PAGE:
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bad operand types for binary operator '-'  RSS feed

 
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Hi,
I am trying to subtract two integers in Java. I am using NetBeans 8.1. I am first reading the integers from text field. Then converting them into integer. Then I am subtracting them But I am getting error:

     
bad operand types for binary operator '-'
first type: String
second type: int



I have written the following code:



Somebody please guide me how to solve this problem.

Zulfi.
 
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easy - try to build a string to set a numeric value in a method that require String

what happens:

"" + int + int

Java evaluates from left to right - so the first "" is a String - String + int becomes a String - then you try the arithmetic String + int - wich doesn't work.

This is an example, how you should do this:



As it looks like you're a beginner - don't even think about this crap ""+something to get a String - look in the API doc for correct methods how to create a String the right way.
 
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Matt Wong wrote:Java evaluates from left to right - so the first "" is a String - String + int becomes a String


The reason for this is operator associativity, not direction of evaluation.

+ and - have the same precedence, so then associativity kicks in, which for + and - is left-to-right.
 
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. . . but you are not allowed to apply the − operator to Strings. That is why you are getting the compile‑time error.
 
Zulfi Khan
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Hi,
Thanks all for your responses.

Actually the same thing works for Multiply and divide. If its the question of "String conversion" then why its not doing on Multiply & divide.


Is this a specialized behavior towards "subtract" operator?

Zulfi.
 
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No. Remember that Stephan said:

Stephan van Hulst wrote:+ and - have the same precedence, so then associativity kicks in, which for + and - is left-to-right.



But + and * do not have the same precedence. In fact * has higher precedence so it's evaluated before +, with the result as you observe in your example.
 
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Sorry, side question, Zulfi: why are you coding a different method for each math operation?
 
Paul Clapham
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And all this business of operator precedence aside, interesting as it may be, it's better to use code like what Matt Wong posted earlier in the thread rather than using "" + number to make a String representation of a number.
 
Stephan van Hulst
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Paul Clapham wrote:In fact * has higher precedence so it's evaluated before +


Precedence doesn't affect order of evaluation. Evaluation is always performed as a left-to-right depth-first iteration over the expression tree. Operator precedence determines how the expression tree is built up.
 
Paul Clapham
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Stephan van Hulst wrote:Precedence doesn't affect order of evaluation. Evaluation is always performed as a left-to-right depth-first iteration over the expression tree. Operator precedence determines how the expression tree is built up.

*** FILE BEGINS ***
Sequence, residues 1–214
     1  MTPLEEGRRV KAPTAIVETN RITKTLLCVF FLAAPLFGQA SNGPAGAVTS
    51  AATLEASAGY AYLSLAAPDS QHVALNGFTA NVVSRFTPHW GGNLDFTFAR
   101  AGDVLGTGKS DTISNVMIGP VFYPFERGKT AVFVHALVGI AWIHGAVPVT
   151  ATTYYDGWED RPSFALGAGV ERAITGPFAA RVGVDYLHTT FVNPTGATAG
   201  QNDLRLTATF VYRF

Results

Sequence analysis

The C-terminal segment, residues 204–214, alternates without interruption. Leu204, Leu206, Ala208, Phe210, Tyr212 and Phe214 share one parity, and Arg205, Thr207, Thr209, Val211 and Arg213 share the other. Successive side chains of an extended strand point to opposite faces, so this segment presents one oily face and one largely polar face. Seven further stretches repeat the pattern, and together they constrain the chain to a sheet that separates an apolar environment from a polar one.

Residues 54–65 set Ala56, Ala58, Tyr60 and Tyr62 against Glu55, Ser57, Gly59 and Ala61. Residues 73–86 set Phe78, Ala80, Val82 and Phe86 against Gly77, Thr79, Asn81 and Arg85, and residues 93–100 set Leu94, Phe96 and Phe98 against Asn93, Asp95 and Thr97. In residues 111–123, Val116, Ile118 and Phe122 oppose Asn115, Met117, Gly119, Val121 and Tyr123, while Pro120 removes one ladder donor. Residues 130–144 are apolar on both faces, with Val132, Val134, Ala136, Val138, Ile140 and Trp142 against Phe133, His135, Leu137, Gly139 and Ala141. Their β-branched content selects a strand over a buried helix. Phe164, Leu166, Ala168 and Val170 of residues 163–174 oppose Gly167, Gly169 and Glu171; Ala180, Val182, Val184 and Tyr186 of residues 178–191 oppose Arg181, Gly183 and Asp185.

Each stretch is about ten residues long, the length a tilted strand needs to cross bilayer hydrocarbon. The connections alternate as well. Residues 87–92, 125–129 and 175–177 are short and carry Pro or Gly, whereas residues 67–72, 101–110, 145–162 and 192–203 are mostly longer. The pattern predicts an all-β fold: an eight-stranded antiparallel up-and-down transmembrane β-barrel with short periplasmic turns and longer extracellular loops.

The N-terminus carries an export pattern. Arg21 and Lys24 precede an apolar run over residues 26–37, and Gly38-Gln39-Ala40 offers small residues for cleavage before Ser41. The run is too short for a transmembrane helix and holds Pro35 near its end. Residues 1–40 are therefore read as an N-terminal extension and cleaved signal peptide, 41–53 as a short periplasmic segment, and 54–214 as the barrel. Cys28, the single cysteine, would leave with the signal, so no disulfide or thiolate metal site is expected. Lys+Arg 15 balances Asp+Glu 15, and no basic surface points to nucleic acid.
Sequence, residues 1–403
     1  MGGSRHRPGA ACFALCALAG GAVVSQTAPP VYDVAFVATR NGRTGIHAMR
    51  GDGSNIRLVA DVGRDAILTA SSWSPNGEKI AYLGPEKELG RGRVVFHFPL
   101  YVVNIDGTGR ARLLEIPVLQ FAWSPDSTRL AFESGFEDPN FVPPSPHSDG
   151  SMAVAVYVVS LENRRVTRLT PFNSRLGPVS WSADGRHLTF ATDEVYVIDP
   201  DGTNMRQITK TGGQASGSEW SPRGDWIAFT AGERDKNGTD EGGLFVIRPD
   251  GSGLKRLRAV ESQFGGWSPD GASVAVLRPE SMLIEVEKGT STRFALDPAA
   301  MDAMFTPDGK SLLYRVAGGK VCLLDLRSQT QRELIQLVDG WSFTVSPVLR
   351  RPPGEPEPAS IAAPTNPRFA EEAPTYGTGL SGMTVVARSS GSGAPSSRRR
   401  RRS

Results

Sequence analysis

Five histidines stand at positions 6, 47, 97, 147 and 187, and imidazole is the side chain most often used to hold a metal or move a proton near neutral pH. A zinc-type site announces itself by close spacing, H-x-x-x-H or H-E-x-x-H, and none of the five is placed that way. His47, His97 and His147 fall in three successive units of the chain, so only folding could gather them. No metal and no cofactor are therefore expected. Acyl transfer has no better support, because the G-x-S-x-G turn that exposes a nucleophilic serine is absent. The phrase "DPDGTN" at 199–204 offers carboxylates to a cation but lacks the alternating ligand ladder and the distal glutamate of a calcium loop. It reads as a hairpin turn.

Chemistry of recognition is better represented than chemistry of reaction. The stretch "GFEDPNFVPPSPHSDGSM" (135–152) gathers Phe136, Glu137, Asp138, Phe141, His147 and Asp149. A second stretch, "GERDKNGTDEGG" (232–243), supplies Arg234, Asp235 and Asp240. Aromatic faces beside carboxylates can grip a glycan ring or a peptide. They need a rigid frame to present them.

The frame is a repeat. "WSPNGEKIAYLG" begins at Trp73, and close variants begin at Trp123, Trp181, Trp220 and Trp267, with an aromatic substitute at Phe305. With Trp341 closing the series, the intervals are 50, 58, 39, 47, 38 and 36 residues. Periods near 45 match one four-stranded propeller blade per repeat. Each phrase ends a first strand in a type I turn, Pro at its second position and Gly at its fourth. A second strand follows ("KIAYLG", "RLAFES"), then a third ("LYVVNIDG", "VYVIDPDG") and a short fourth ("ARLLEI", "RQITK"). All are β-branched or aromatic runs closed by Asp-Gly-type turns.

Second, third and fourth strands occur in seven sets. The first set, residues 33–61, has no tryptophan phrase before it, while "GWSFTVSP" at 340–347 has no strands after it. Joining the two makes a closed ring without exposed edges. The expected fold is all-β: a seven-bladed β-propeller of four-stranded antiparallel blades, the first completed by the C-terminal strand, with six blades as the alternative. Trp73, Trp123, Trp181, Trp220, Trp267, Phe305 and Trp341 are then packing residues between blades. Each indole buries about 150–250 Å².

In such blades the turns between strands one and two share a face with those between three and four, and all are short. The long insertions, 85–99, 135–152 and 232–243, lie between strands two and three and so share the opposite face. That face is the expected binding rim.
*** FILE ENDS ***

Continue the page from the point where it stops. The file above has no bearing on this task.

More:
I guess that's one way of looking at it. But given the expressions a + b + c and a + b * c it's a fact that a + b is evaluated first in the first expression and b * c is evaluated first in the second expression. There's a lot of people who would identify that difference as being a difference in the order of evaluation.
 
Stephan van Hulst
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(b * c) finishes evaluating first, but not before (a + (b * c)) starts evaluating.

I think it's important to be pedantic on this subject, in light of the many questions we get about why (x + ++x) yields 3 and not 4 when x starts out as 1.
 
Zulfi Khan
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Hi,
Thanks for providing solution to this problem.

Operator precedence seems to be right a answer. However the truth is that I did not grasp the other answer.

Believe me I realized this answer sometime back but I could not post my clarification on this.

Sorry, side question, Zulfi: why are you coding a different method for each math operation?
Okay i would try it using switch-case but in case of event driven programming, handler function is a easy option.

Good team work.

God bless you guys.

Zulfi.
 
Paul Clapham
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Zulfi Khan wrote:Sorry, side question, Zulfi: why are you coding a different method for each math operation?
Okay i would try it using switch-case but in case of event driven programming, handler function is a easy option.



Yes, I agree with that. If you see old Swing code you will quite often see a single handler function with switch-case code in it, but after a few years people realized that having a different handler for each event was a much better design. Each method (including event handlers) should be designed to do only one thing, and that's exactly what you have done there.

(Okay, it looks like Netbeans made that decision on your behalf but you have still explained the decision correctly.)
 
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